Sonos Roam isn’t just the company’s most affordable connected speaker so far, it also introduces a new feature to make managing music playback easier. Sound Swap allows you to bypass the app when you’re in a hurry to get going, flipping music from a traditional Sonos speaker over to your Sonos Roam so you can head elsewhere in the house or outside.
Sound Swap makes juggling playback easy
If you want to move your music from a fixed speaker to Roam, you could of course use the app. That takes a few button presses, however, which is where Sound Swap comes in.
Pressing and holding the play/pause button on Roam will automatically shift the current playback from the nearest Sonos speaker to the portable speaker. Conversely, if you press and hold that button again, what’s playing on Roam will be transferred over to the nearest Sonos speaker. It’s really easy to use, and there’s hardly a gap in playback.
Sound Swap actually works by playing tones that nearby speakers here: that allows Sonos to know which is closest, and so which it should transfer playback to. Because of that, if you have Roam’s microphone muted – using the button on the top panel – then Sound Swap won’t work.
There’s a quick Sonos group shortcut that ignores the app
Sound Swap builds on an existing Sonos grouping feature which not everyone knows about. If you want granular control over different rooms and zones, you’ll need to whip out the Sonos app for that. There, you can choose which speakers are grouped together, as well as setting up stereo pairs of matching Sonos models.
It’s also possible to save groups of rooms that you commonly connect together, to make it easier to link them up again in future. If, for example, you often group your kitchen and dining room speakers, you can use the “Create Group” option in the Sonos S2 app to set up a favorite. Then, from the System tab in the app, you can hit the group button on any room, and choose the preset again.
If, however, you just want to link a Sonos speaker to an existing room’s playback, there’s actually a way to do that directly from the speaker’s controls themselves. Holding down the play/pause button on a speaker will add it to another room – or group of rooms – that are already playing music. Similarly, holding that button down again will ungroup a room from its current group.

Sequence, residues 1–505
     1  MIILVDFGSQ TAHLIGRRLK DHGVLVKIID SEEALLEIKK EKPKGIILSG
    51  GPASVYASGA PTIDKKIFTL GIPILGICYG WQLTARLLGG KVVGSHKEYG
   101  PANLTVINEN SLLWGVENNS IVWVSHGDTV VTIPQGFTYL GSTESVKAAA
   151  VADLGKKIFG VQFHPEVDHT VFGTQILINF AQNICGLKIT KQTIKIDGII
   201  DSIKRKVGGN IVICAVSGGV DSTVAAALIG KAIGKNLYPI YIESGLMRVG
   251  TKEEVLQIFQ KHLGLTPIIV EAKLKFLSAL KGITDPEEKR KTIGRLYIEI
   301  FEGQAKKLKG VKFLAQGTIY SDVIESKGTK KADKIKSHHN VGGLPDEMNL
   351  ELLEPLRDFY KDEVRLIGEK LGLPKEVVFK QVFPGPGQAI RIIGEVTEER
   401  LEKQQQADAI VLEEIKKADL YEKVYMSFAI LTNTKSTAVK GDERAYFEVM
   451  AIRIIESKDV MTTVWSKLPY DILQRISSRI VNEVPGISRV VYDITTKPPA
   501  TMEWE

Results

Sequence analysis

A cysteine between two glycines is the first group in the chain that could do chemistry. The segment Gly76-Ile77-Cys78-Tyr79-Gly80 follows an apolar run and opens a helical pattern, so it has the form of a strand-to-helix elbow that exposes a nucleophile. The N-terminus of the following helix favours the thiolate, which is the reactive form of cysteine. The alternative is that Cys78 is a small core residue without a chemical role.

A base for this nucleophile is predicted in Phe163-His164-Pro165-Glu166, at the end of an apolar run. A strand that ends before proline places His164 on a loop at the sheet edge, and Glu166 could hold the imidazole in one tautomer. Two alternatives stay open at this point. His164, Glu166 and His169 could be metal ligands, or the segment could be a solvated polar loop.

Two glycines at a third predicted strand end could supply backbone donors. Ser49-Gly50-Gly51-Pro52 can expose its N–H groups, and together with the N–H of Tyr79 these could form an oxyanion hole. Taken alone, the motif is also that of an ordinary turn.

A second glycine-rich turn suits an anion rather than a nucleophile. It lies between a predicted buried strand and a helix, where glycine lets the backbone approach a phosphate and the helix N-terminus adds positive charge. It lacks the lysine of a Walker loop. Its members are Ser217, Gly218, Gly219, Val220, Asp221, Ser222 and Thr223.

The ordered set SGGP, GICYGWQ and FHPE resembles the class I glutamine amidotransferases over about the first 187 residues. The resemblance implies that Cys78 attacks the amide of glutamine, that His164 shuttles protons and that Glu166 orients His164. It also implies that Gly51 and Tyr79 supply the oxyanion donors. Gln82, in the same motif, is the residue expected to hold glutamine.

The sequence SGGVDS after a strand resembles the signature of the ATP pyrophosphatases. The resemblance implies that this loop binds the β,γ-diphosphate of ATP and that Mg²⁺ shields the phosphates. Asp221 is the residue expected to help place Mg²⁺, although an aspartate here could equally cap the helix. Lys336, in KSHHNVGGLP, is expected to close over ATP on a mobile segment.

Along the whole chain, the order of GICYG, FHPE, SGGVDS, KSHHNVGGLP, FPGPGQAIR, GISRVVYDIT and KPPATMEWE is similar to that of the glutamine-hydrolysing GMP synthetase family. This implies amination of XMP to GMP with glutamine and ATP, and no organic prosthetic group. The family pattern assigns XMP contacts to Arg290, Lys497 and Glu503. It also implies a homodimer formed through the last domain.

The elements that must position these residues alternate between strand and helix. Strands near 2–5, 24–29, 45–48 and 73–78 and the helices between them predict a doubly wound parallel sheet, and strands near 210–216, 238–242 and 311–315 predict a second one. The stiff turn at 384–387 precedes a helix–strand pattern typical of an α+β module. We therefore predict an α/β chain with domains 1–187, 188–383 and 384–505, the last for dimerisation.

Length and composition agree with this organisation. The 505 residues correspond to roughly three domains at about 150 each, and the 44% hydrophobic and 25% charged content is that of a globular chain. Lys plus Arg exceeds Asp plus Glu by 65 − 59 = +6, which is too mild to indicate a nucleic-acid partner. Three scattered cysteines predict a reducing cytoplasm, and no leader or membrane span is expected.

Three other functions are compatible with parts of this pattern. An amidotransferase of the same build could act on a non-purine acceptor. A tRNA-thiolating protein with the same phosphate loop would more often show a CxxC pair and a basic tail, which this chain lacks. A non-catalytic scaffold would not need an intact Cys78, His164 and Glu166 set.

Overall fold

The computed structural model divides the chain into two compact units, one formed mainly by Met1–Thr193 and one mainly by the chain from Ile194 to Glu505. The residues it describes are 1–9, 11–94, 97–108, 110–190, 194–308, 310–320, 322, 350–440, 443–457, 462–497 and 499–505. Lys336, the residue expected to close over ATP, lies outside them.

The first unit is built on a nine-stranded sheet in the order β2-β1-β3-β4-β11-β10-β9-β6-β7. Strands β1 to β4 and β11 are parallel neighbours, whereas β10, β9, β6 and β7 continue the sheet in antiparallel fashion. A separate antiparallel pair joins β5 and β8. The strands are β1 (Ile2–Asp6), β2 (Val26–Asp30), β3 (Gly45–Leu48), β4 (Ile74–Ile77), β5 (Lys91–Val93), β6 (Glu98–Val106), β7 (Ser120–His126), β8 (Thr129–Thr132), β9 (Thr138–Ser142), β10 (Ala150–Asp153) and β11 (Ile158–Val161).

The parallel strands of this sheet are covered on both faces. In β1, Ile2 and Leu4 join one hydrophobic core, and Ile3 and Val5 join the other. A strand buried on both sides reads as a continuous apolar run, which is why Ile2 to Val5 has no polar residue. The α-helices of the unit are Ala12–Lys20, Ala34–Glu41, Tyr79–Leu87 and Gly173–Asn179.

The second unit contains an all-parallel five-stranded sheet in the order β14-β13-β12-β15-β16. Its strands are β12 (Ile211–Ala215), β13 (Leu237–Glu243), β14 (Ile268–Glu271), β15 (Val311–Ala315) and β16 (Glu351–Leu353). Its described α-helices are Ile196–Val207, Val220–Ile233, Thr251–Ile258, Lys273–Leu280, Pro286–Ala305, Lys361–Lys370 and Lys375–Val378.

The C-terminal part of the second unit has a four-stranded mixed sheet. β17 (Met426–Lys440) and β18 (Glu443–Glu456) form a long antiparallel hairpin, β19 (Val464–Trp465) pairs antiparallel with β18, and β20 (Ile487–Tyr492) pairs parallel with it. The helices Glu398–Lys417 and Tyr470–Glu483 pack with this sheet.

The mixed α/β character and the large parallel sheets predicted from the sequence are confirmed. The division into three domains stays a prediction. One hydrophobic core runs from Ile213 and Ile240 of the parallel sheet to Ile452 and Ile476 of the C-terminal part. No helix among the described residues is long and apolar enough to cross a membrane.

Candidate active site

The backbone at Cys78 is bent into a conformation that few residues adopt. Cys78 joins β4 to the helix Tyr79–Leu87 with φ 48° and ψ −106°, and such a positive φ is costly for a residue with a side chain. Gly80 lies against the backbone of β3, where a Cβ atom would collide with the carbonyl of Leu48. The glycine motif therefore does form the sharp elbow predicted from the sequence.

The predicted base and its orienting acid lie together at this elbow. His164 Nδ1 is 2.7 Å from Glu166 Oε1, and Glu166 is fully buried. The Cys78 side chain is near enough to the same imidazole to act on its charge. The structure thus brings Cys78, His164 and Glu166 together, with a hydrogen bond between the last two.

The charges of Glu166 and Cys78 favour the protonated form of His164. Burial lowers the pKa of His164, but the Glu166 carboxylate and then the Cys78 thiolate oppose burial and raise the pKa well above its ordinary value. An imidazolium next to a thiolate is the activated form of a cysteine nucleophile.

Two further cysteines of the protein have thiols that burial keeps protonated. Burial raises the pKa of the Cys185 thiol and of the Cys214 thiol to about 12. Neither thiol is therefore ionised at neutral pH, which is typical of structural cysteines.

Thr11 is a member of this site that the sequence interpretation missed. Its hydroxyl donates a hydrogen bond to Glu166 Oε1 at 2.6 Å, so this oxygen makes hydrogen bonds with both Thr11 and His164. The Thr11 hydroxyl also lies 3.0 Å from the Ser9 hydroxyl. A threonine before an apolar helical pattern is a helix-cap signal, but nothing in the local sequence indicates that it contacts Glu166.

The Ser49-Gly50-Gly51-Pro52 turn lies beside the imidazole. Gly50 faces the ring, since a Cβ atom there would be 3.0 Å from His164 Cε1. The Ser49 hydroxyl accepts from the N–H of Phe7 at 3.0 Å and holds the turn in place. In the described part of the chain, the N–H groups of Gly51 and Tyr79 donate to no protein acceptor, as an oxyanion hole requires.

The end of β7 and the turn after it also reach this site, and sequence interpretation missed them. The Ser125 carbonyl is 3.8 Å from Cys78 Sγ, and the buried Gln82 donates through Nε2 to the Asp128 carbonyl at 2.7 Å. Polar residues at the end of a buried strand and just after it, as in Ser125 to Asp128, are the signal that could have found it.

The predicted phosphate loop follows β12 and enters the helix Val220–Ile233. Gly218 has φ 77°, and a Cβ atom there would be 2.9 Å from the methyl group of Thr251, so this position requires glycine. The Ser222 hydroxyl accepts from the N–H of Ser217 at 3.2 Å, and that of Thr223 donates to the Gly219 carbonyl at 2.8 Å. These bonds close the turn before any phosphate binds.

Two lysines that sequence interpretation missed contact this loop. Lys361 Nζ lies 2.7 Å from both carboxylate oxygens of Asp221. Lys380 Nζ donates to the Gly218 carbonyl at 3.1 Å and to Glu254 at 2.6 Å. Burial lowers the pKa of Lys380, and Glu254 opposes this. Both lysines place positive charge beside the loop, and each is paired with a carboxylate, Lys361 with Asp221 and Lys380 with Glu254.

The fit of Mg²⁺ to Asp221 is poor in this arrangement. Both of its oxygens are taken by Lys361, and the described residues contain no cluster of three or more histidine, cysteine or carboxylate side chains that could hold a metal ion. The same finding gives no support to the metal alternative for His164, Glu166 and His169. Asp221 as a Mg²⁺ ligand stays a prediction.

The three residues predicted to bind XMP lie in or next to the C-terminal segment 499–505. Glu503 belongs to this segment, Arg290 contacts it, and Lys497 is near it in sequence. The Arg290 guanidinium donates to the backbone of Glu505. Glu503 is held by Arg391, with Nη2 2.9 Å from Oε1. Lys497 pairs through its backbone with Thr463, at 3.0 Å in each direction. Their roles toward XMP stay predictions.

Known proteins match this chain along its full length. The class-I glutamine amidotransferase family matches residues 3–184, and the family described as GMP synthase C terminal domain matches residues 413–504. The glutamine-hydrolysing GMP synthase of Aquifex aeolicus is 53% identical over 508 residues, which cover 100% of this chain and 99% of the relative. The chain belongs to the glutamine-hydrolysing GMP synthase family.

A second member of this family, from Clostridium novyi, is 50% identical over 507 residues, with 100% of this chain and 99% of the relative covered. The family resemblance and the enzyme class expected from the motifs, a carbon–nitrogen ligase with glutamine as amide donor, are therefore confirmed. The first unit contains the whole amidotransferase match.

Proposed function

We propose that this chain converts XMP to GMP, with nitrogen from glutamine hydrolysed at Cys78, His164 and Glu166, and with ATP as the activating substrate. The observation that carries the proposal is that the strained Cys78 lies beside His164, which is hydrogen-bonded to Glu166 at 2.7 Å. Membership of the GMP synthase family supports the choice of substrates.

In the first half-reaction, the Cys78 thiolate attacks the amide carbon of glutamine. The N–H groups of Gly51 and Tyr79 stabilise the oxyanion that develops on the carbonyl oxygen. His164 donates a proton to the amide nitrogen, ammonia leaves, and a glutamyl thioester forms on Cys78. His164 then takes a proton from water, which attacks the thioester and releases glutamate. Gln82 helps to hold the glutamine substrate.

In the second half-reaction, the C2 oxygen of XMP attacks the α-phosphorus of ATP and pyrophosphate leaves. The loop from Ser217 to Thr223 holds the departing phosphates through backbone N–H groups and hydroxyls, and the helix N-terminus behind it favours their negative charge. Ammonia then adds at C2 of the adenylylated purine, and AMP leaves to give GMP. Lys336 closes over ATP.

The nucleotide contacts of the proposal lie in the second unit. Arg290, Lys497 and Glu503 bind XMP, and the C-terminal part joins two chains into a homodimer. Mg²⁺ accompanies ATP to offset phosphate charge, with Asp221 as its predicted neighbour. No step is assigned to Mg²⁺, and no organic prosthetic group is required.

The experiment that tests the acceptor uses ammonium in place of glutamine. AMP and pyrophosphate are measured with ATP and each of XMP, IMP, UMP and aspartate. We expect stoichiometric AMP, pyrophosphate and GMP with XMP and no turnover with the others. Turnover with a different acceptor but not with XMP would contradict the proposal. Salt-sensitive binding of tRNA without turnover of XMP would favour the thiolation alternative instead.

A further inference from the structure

Sonos Sound Swap does have some limitations
While Sound Swap makes moving music between Roam and other Sonos speakers much easier, and vice-versa, it doesn’t work in every situation. The most significant is around the type of streaming you’re doing, or more specifically the network you’re streaming on.
Sound Swap only works with Sonos network music. That is, if you’re playing music through your Roam via Bluetooth, from your phone for example, you can’t Sound Swap that to a fixed Sonos speaker when you get home. The same goes for audio from AirPlay 2, or from a TV.
Roam does, though, have a useful Bluetooth feature that’s arguably even better. When you return within range of your Sonos WiFi network, Roam will automatically reconnect in the background – without interrupting your Bluetooth streaming. If you then add other Sonos speakers to it as a group in the Sonos S2 app, they’ll all play the Bluetooth audio as well. In effect, you’re using Roam as a Bluetooth line-in source.
Not every Sonos speaker supports Sound Swap
There’s another limit that could make a difference to how you use Sound Swap, but it’s more around certain speakers than the feature itself. Older models – including the Play:3, Play:1, Port, Connect, Connect:Amp, and Boost – aren’t compatible with Sound Swap. If you have a Sonos Amp, meanwhile, it’ll only work with the feature if it’s also connected to Sonos Architectural speakers.
Again, there are workarounds there. If you have one of those older speaker models grouped with a newer speaker that does support Sound Swap, then as long as you’re reasonably close to that model you’ll be able to use it with Roam.